When I graduated high school, I hugged crying girls and comforted them with the blatant lie, “oh don’t worry, we’ll definitely stay in touch!” It’s not only me; we all do this, a kind of detaching old friendships to open space for new ones. One thing studying abroad has given me the chance to do is reconnect with people from my past.
It all started my senior year of high school. I was attending Walsh Jesuit in Cuyahoga Falls, and one program for seniors was to host Spanish exchange students. In return Walsh students could travel to Barcelona in the spring. Though I did not host an international student, I quickly became friends with them and have stayed in touch since, emailing every few months. When I landed in Madrid I promised my Spanish friends I would make the trek up to Barcelona for a weekend and see them. So I did. I spent a night in Barcelona with a local, a friend I had not seen in over two years. I was able to speak Spanish and meet his friends and see the city in the most non-touristy way possible.
Gabriel was not the only old friend with whom I reconnected while in Barcelona. A group of girls on my hotel floor in Barcelona were American students part of the St. Louis University Madrid campus. A few of the girls had also gone to Jesuit high schools and had heard of Walsh, and one mentioned her friend at SLU Madrid who had also attended Walsh. I almost could not believe it. There was no way their Maggie Joyce from Walsh was my Maggie Joyce from Walsh—Maggie from my high school lacrosse team and my co-worker at an Akron summer camp. Surely enough she was, and here, 4000 miles from home, I was messaging Maggie in disbelief, making plans to meet up as soon as I returned to Madrid.
It is not only in Spain, though, that I have been able to reconnect with friends. This summer I worked in Massachusetts with three Irish students who had come to the United States for the summer. As our friendship grew throughout the summer, Ro, Ash, and Conor encouraged me to visit them in Ireland if I ever got the chance. After all their Irish hype, I wanted to experience Dublin and be able to use my newly acquired Irish phrases, such as “half-five” for “five thirty” and “Anna is anom dom,” which is Gaelic for “my name is Anna.” I never thought I would actually make it to Dublin, but here I am, less than a week away from my five-day adventure in Ireland in Northern Ireland.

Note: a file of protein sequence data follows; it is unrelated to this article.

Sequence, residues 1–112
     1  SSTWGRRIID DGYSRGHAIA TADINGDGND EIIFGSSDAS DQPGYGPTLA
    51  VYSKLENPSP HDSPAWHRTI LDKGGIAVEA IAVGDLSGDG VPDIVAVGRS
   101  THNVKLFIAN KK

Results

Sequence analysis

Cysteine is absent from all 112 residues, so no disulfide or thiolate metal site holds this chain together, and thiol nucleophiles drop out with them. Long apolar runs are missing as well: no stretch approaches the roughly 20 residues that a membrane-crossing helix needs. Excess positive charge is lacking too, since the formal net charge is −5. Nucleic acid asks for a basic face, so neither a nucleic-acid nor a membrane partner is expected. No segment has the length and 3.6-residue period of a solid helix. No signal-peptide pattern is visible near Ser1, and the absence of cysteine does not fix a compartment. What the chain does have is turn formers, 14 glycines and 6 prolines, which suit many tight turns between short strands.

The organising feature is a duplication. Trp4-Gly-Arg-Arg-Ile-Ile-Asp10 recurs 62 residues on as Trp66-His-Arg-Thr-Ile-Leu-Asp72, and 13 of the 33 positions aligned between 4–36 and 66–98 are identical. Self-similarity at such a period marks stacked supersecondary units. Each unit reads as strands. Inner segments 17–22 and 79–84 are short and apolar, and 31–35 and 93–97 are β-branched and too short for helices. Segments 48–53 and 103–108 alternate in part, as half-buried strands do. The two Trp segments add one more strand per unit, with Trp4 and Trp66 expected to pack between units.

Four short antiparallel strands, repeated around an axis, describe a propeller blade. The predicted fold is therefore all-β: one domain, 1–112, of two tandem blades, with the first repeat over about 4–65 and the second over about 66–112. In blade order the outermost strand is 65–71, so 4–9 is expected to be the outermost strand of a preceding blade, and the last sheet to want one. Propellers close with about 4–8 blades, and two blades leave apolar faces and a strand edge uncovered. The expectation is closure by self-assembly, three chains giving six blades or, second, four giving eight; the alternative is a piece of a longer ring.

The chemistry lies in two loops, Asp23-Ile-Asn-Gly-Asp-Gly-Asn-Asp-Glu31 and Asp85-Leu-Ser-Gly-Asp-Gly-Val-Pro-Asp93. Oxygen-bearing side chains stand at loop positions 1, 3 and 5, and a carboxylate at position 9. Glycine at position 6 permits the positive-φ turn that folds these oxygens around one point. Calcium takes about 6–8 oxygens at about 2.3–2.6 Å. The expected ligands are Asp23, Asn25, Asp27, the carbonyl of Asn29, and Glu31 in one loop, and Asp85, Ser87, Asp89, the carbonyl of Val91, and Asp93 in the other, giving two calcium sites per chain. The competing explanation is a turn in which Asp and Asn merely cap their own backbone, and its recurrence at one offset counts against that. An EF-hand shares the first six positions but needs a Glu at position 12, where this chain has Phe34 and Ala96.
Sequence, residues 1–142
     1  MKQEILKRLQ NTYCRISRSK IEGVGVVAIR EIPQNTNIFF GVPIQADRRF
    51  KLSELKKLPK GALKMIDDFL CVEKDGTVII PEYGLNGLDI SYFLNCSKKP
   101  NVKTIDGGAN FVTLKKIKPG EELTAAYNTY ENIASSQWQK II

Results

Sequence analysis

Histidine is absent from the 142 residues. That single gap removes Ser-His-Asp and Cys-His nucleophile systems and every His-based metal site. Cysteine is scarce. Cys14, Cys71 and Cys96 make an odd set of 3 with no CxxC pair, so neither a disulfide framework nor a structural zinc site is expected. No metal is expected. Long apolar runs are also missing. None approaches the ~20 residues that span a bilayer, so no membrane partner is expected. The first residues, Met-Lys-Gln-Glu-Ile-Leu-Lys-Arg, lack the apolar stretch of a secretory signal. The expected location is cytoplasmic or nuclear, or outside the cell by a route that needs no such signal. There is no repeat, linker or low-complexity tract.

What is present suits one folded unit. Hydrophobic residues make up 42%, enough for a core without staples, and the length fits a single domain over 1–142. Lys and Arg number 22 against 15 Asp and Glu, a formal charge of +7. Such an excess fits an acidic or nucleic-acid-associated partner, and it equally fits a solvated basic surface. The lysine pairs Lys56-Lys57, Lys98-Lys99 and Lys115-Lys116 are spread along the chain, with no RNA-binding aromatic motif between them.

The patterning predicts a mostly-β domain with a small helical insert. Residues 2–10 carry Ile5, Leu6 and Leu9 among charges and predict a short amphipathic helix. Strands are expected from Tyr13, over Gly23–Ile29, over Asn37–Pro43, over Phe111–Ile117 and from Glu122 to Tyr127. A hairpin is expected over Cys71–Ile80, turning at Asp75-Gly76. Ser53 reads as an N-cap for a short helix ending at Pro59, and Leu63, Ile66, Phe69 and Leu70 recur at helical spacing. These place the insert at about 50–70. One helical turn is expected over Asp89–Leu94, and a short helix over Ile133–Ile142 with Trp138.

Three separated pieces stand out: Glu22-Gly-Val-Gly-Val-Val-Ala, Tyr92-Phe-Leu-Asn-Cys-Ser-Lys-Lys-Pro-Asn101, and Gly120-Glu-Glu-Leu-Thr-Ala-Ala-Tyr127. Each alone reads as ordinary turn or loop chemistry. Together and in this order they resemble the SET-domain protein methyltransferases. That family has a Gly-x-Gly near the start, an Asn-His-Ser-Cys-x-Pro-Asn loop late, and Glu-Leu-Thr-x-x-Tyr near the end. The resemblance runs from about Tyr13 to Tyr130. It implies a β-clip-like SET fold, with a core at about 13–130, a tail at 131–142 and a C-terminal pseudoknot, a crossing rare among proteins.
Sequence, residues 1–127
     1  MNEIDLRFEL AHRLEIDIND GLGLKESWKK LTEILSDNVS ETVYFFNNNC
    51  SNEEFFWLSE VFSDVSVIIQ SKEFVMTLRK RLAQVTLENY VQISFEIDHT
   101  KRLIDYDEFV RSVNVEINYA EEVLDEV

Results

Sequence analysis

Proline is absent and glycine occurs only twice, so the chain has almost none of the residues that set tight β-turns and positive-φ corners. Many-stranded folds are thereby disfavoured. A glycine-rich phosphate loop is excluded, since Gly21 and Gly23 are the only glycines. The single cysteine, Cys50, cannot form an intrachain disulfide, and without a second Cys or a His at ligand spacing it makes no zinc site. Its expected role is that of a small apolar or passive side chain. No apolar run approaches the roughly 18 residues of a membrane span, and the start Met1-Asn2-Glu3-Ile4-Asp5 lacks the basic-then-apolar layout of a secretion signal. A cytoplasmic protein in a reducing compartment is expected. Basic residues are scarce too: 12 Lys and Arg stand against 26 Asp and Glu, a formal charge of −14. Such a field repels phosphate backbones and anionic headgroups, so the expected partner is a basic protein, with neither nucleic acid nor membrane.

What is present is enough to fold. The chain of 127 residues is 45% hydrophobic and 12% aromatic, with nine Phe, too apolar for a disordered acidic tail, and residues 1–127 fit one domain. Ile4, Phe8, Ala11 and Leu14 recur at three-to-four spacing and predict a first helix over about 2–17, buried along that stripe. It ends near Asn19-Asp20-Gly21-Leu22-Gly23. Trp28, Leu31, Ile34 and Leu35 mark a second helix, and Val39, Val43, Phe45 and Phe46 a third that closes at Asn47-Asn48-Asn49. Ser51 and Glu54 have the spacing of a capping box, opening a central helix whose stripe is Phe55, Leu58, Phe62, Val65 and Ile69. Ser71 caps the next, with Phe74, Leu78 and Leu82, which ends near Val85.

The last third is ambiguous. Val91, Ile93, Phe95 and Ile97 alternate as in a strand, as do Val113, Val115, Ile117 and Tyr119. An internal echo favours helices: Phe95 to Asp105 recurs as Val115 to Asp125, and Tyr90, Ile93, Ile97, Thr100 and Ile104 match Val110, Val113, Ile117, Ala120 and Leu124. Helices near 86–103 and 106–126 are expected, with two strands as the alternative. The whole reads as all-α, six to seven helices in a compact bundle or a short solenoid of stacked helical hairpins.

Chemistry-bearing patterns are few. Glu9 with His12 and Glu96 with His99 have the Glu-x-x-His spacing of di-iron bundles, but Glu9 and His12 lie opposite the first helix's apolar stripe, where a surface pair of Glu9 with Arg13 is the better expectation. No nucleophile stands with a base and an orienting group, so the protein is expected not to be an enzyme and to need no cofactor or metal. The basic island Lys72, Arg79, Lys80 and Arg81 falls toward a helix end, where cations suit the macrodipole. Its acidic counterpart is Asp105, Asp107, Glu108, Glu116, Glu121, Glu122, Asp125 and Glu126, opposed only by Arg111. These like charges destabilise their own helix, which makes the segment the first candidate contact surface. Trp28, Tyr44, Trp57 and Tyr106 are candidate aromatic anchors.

It’s kind of funny how life works. How a senior in high school can say to a foreign exchange student “I’ll let you know if I’m ever in Spain,” then two and a half years later they meet up at a nightclub in Barcelona. How meeting strangers at a hotel can lead to realizing an old friend is living two miles away in a city of three million. And how one August day I can joke with friends about going to Ireland, then two months later impulsively buy a plane ticket to Dublin.
Maybe it is the unfamiliarity that comes with living on a different continent, but being in Spain has enabled me to bring back so many people I never expected. Throughout this experience, my thought process has been “well, why not?” Why not spend forty-eight hours in Barcelona, why not take a few days off of school to tour Ireland? I figure if I keep asking myself “why not?” now, in thirty-five days when I am back in Ohio, I will not be asking myself “why didn’t I?”
*Anna Lippincott is a sophomore in the E.W. Scripps School of Journalism studying journalism, political science, and Spanish. She is currently using an OU partner program, Academic Programs International, to attend Antonio de Nebrija Universidad in Madrid, Spain. @anna_lippincott